Flickr/NASA
Flickr/NASA

On April 24, 1990 — 25 years ago tomorrow — the Hubble Space Telescope was launched into orbit. Ever since, it's been sending back some of the most captivating images of outer space ever taken. The Hubble's images have become a staple of science textbooks, and a core enabler of modern astrophysics research — without them, we wouldn't know nearly as much as we do about how the universe works.

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Hubble has had some setbacks over the years — it's been repaired five times — but it's been a trooper, sending back high-resolution image after high-resolution image for many more years than originally expected. It's now in old age — NASA believes it will operate until perhaps the year 2020, and will fall back to Earth sometime between 2030 and 2040. But it's accomplished a lot in its first quarter-century.

Here are 10 of the Hubble Space Telescope's most enduring photos. (All images courtesy of NASA.)

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1. The Horsehead Nebula, an interstellar cloud approximately 1,500 light years from Earth

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2. The Lagoon Nebula, a giant cloud inside the constellation Sagittarius

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3. The Antennae galaxies, which are shown colliding with each other (the collision started 100 MILLION YEARS AGO and is still happening)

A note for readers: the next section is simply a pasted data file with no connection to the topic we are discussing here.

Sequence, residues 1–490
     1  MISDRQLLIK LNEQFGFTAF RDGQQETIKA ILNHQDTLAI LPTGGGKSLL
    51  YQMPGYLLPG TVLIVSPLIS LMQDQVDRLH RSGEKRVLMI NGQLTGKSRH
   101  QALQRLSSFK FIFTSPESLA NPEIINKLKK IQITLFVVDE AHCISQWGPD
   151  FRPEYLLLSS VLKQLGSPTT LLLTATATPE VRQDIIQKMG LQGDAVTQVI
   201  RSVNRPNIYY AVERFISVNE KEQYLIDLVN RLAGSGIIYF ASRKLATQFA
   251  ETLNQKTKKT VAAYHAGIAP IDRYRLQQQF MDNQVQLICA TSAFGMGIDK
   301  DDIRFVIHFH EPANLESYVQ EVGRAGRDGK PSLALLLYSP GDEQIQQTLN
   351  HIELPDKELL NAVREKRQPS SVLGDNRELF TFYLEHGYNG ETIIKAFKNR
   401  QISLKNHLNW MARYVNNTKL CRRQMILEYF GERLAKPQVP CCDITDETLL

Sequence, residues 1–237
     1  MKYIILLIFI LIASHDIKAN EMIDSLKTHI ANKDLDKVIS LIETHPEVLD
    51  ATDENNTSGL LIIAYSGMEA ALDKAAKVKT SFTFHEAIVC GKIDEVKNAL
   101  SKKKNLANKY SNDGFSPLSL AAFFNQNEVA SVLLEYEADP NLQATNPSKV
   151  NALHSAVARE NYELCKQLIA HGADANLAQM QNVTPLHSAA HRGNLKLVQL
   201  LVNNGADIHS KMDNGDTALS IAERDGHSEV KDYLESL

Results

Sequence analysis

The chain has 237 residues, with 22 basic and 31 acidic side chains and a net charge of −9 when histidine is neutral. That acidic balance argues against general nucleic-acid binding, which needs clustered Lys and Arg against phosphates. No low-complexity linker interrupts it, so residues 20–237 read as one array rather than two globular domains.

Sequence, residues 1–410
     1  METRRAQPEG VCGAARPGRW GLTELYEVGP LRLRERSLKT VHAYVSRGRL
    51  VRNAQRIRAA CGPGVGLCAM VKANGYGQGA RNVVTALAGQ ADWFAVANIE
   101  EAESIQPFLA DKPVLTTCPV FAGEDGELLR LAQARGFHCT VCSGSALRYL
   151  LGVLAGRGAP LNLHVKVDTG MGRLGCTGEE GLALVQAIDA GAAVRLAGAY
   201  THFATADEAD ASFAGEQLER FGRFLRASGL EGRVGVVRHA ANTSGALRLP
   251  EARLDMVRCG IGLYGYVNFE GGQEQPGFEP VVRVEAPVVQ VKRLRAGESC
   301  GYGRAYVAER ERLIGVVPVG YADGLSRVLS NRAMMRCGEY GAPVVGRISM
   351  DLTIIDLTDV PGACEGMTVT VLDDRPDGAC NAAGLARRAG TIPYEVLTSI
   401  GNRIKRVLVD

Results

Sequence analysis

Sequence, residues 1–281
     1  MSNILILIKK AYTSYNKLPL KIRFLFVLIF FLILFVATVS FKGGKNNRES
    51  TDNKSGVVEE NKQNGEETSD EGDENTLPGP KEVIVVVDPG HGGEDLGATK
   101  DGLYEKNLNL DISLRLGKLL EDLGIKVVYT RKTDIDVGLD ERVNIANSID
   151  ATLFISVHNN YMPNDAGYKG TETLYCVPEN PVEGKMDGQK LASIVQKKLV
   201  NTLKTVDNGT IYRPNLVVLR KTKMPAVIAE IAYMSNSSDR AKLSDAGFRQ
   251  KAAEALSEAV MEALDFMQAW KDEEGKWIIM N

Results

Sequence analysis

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4. The Carina Nebula, 7,500 light years away

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5. NGC 4911, a gorgeous-looking galaxy 320 million years away from Earth

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6. NGC 2467, an enormous gas cloud known as the "Skull and Crossbones Nebula" that was first discovered in the 19th century

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7. 30 Doradus, a.k.a. the "Tarantula Nebula," is roughly 170,000 light years from Earth and is thought to contain some of the biggest stars in the universe

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8. Astronaut John Grunsfeld, who was caught by the HST's camera on a 2009 maintenance mission

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9. A pillar of gas and dust nicknamed "Mystic Mountain," located inside the Carina Nebula, 7,500 light years away

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10. The Cassiopeia A supernova, a giant, brilliant explosion of radiation caused by a star's collapse

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